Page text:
For whom are we to pray?
The second argument for not reading Calvin's "all" as "some of all kinds," is Calvin's view of whom we are to pray for. In 1Timothy 2:1, we are commanded to pray for all men. All men? Or all sorts of men? Let's do a comparison of John Gill, a hyper-Calvinist, with Calvin.
Here's a snippet of Gill's comment on verse 1:
[G]giving of thanks, as well as prayers, are to be made for all men; but certainly the meaning is not, that thanks should be given for wicked men, for persecutors, and particularly for a persecuting Nero, or for heretics, and false teachers, such as Hymenaeus and Alexander, whom the apostle had delivered to Satan. But the words must be understood of men of all sorts, of every rank and quality, as the following verse shows.
~Gill, Commentary on 1Timothy 2:1
Now compare that treatment with Calvin's:
And thanksgivings. As to this term, there is no obscurity; for, as he bids us make supplication to God for the salvation of unbelievers, so also to give thanks on account of their prosperity and success. That wonderful goodness which he shews every day, when “he maketh his sun to rise on the good and the bad,” (Matthew 5:45,) is worthy of being praised; and our love of our neighbor ought also to extend to those who are unworthy of it.
2 For kings He expressly mentions kings and other magistrates because, more than all others, they might be hated by Christians. All the magistrates who existed at that time were so many sworn enemies of Christ; and therefore this thought might occur to them, that they ought not to pray for those who devoted all their power and all their wealth to fight against the kingdom of Christ, the extension of which is above all things desirable. The apostle meets this difficulty, and expressly enjoins Christians to pray for them also.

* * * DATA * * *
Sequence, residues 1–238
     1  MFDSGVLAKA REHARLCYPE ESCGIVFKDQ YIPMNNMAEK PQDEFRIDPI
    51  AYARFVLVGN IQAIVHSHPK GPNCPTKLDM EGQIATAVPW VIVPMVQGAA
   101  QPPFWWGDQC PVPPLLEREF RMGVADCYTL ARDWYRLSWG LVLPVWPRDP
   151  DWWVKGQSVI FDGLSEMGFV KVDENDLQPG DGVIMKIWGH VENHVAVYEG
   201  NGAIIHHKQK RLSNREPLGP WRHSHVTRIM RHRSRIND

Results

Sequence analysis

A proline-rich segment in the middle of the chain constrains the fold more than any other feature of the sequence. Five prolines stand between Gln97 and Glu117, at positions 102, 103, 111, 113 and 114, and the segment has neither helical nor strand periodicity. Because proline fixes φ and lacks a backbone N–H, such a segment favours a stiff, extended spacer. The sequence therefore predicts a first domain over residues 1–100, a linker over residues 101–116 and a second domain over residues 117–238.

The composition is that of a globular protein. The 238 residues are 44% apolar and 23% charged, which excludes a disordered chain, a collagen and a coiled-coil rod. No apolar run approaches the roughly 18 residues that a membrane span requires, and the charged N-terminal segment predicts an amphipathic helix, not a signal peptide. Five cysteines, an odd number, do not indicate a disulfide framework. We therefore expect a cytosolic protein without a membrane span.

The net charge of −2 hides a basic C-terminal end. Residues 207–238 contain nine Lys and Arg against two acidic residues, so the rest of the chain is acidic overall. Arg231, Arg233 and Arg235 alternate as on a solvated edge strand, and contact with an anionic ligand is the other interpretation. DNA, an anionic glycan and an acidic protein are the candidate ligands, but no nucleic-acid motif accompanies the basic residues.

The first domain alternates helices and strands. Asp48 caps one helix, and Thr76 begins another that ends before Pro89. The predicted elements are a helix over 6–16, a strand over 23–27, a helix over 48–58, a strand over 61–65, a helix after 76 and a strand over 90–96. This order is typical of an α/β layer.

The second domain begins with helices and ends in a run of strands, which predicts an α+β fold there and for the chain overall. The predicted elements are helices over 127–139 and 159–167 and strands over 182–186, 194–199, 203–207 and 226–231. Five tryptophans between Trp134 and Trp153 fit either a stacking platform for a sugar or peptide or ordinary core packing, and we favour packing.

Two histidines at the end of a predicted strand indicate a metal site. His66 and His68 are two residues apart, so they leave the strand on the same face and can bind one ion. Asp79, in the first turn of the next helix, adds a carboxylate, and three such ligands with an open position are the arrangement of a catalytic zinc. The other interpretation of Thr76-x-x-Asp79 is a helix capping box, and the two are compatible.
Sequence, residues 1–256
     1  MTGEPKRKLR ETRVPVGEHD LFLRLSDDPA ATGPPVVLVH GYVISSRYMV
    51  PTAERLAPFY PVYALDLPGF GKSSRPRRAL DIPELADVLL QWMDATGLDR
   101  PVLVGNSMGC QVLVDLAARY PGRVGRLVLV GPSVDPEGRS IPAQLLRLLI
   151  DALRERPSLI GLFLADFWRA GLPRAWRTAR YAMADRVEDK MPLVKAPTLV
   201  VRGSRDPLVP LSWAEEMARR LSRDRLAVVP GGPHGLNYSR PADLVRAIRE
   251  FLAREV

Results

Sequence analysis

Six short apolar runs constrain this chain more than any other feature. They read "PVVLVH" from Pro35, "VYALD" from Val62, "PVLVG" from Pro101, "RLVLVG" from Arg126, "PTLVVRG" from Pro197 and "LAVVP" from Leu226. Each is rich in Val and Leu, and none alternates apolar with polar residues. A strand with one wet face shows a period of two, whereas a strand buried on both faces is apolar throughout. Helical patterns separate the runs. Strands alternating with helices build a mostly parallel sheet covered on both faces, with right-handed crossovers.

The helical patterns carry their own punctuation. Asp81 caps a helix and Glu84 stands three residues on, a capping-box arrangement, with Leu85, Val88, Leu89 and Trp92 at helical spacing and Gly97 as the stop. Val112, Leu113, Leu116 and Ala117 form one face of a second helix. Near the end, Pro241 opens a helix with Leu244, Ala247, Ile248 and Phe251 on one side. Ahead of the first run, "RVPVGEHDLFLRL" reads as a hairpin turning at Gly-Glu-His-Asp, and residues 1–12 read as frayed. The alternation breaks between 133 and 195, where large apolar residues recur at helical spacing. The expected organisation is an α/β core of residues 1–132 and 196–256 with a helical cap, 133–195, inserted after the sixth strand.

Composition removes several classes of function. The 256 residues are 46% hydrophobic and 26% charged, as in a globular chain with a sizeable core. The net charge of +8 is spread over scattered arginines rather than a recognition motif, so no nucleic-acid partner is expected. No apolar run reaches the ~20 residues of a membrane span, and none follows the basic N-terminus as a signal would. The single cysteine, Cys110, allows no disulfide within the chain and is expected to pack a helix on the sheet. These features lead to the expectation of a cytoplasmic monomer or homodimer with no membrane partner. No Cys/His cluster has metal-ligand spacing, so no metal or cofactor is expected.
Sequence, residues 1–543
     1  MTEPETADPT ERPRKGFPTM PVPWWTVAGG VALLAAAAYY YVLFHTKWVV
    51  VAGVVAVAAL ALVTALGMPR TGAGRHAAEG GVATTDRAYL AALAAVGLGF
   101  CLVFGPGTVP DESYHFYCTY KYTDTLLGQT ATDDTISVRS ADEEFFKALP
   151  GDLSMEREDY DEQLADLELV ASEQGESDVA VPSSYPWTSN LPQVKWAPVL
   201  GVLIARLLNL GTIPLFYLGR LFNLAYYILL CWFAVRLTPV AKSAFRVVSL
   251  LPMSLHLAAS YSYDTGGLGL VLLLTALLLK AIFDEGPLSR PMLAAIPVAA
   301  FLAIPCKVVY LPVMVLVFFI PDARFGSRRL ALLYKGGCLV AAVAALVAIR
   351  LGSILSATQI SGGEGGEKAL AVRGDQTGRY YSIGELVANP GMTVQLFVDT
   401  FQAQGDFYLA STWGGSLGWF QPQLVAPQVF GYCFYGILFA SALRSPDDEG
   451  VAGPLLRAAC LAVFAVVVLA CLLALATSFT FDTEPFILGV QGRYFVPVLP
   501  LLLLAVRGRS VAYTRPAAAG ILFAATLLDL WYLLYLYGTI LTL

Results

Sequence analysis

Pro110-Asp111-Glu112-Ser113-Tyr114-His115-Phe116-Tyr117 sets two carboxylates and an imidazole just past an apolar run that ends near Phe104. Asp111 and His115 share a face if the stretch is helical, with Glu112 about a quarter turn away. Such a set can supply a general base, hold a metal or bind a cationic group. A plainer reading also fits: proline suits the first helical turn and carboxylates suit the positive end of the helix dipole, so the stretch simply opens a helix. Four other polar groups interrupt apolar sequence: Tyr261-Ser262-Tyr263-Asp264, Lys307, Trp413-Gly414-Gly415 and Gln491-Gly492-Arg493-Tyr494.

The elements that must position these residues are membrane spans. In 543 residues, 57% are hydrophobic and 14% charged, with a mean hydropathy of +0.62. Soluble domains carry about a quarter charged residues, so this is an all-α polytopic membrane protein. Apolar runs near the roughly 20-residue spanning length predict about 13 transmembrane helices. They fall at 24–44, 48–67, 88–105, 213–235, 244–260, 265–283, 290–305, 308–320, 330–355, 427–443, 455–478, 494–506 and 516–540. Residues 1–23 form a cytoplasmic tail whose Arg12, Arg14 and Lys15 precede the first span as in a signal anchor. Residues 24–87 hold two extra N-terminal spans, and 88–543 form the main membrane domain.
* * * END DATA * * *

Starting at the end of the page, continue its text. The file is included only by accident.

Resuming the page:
~Calvin, Comm. 1Timothy 2:1-2
If we compare the two approaches, Gill's and Calvin's, we see a diametrically opposite view with respect to wicked rulers. Calvin says to pray for them, and Gill says not to. And notice that Gill justifies, in part, his treatment of wicked Nero by saying that we are not enjoined to pray for all men, but "men of all sorts." Calvin could have used this logic as well, but didn't.
There are two things to be noticed here: first, Calvin might have used the same justification that Gill did for saying that we need not pray for wicked Nero. He might have said that we are not enjoined to pray for all men, just all sorts of men. He certainly had the analysis suitable to the task:
Hence we see the childish folly of those who represent this passage to be opposed to predestination. * * * They might have had some ground for saying this, if Paul were speaking here about individual men.... * * *
But I say nothing on that subject, because it has nothing to do with this passage; for the Apostle simply means, that there is no people and no rank in the world that is excluded from salvation; because God wishes that the gospel should be proclaimed to all without exception.
~Calvin, Comm. 1Timothy 2:4
Calvin set up the possible distinction between all individuals and all sorts of individuals. Admittedly, the Calvin quote above is from verse 4, not verse 1; but the reasoning is identical and if it applies in verse 4, it would be equally applicable to verse 1. But Calvin did not use that justification. Rather, Calvin said that our prayers ought to include the wicked rulers.
This comparison ought to show us that Calvin did not mean the same thing as Gill when he distinguished between "individuals" on the one hand, and "people" or "rank" on the other. For Calvin, the idea of "all sorts" excluded no one, while Gill used the idea of "all sorts" to exclude wicked Nero.